Dining

Adventures in Cheese Making

A lifelong love of curds and whey led me to try crafting my own.

March 2010

If I weren't married, I'd probably never eat anything more complex than cheese and crackers for dinner. Even now I make the simple pairing a staple at least once a week. I mix it up, of course—throwing in some olives, maybe some onion, a little mustard, a baguette in place of crackers. But truly, I could live on the stuff. I'm an equal-opportunity cheese eater—hard, soft, nutty, creamy, stinky. But for as much as I dig my feta, blue, and cheddar, I'd never thought about making my own.

That is, until my husband bought me a cheese-making kit, complete with equipment and instructions. Opening it up, I had visions of my own small cheese business—maybe LBK's Artisanal Cheeses or the Park Hill Cheese Company. I wondered if my dog would mind sharing the backyard with my newly acquired dairy goats. I even thought about how we could convert the basement bedroom into a cheese cave for aging my soon-to-be award-winning farmhouse cheddar.

Filled with enthusiasm, I bought gallons of Horizon organic milk, put a pot on the stove, and threw myself into the process—and quickly realized that my dream business had one major drawback: Cheese making is wicked tough. Not impossible, but certainly more involved than I'd anticipated. There's a lot of chemistry to ponder; some seriously intense temperature monitoring; and a ton of waiting around before you can slap that queso on a cracker.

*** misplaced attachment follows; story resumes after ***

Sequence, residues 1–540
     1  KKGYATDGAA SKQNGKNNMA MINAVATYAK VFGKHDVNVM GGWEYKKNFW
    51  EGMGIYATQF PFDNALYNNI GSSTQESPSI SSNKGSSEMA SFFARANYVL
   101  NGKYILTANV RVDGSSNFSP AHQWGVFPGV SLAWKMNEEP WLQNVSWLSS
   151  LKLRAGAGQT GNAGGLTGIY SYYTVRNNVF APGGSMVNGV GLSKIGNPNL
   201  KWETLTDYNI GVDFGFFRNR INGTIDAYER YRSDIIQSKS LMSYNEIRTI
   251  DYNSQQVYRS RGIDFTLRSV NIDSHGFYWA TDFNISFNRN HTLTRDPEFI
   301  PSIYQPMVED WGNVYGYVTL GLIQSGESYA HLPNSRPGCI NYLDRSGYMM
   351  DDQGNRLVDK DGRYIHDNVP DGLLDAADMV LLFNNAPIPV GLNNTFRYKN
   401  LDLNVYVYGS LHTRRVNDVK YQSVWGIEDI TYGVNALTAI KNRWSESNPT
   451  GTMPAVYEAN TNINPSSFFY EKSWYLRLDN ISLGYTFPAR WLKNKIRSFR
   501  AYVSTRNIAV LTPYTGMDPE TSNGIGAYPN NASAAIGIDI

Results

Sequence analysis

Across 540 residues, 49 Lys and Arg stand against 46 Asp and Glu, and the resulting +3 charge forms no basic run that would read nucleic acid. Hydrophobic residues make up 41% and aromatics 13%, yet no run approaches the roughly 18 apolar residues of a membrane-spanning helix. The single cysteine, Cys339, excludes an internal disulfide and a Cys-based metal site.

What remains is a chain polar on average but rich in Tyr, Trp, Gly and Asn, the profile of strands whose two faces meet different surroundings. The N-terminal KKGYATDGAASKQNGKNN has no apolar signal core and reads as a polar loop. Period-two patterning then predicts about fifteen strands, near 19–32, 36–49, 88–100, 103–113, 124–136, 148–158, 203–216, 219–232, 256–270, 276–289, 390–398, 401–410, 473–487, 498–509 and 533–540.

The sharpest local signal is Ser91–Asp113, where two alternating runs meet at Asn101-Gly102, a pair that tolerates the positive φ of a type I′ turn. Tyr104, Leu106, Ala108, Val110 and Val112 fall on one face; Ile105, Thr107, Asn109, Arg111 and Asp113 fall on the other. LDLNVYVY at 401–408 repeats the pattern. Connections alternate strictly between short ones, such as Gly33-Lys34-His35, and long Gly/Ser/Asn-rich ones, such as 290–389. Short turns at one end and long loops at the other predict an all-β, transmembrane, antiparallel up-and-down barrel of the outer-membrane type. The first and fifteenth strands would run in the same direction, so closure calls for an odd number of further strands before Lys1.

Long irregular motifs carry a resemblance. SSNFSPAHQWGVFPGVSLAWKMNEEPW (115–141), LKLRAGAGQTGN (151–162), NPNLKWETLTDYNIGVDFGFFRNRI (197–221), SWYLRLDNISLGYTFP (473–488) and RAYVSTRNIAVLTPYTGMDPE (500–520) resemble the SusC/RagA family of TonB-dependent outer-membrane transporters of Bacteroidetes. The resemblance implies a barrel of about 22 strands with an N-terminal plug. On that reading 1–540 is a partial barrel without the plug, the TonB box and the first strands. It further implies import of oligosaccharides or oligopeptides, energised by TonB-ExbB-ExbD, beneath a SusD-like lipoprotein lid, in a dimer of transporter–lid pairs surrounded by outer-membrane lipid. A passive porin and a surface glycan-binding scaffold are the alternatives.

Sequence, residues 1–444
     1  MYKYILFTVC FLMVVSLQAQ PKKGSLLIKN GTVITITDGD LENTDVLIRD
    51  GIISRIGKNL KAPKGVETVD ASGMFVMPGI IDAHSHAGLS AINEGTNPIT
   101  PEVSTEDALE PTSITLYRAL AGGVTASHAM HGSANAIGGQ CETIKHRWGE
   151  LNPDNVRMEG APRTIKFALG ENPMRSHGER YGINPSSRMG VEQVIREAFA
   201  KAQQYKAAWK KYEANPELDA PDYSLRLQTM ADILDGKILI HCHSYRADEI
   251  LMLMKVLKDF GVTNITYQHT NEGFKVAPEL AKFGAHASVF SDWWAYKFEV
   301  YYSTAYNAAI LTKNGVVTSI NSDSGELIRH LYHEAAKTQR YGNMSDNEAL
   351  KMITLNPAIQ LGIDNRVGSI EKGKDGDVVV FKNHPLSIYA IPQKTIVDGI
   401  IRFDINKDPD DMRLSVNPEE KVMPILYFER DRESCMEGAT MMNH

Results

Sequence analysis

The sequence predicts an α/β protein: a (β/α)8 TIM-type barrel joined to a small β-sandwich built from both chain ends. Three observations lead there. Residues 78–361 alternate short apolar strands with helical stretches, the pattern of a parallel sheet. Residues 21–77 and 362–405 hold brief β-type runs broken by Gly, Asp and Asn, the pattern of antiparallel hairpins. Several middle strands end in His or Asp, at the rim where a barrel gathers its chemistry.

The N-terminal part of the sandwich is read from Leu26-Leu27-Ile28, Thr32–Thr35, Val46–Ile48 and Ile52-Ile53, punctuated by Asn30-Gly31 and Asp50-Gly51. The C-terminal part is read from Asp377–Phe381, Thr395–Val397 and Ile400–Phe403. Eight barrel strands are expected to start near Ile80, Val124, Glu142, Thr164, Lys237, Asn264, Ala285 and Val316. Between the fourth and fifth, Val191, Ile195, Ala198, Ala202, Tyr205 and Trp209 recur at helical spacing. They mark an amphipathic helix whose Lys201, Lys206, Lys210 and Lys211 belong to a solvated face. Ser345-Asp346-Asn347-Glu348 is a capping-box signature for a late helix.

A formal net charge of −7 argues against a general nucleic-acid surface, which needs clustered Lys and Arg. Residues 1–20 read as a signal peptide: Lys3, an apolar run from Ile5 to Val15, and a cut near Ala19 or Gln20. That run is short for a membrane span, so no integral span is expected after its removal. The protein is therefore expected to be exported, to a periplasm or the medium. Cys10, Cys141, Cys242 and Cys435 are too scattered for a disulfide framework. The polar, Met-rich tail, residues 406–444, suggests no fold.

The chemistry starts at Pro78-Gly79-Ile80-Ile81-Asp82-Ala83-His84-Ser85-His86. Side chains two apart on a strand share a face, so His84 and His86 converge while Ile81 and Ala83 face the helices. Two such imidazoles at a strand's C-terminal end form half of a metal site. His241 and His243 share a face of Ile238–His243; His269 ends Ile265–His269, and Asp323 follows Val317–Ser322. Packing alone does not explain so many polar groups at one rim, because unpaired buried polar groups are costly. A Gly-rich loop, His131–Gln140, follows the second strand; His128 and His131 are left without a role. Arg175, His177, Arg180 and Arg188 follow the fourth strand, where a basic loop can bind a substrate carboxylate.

My first efforts in the kitchen left a lot to be desired. But there's nothing like education through mistakes: I learned that leaving ricotta to drain for too long produces a cheese that's not unlike chalk dust. I figured out that if the recipe says the mozzarella should stretch easily it's not an altogether good sign if yours snaps in two like an old rubber band. I also relearned a critical culinary lesson: Never begin a recipe before reading the whole thing through, because you could end up separating curds and whey at 3 a.m.

Of course, I've had some successes: My third batch of comparably easy-to-make ricotta was spot-on smooth. My second attempt at mozzarella yielded a firm and milky-tasting product that fared well in a Caprese salad. And I have high hopes for my slightly odd-looking farmhouse cheddar, which is still aging.

Although I'm barely able to contain my excitement over my new hobby, I can imagine many folks might not "get" the thrill. So, allow me to explain: Just like home-brewing beer, making wine in the basement, or growing tomatoes in the backyard, cheese making offers that rare satisfaction of having created something from nothing. If you're not that into the whole idea, I'd suggest forgoing the hard cheeses like Parmesan and cheddar, and instead trying an easier and quicker-to-make softer variety like ricotta, mozzarella, or feta. After all, it's nearly dinnertime and your crackers are waiting.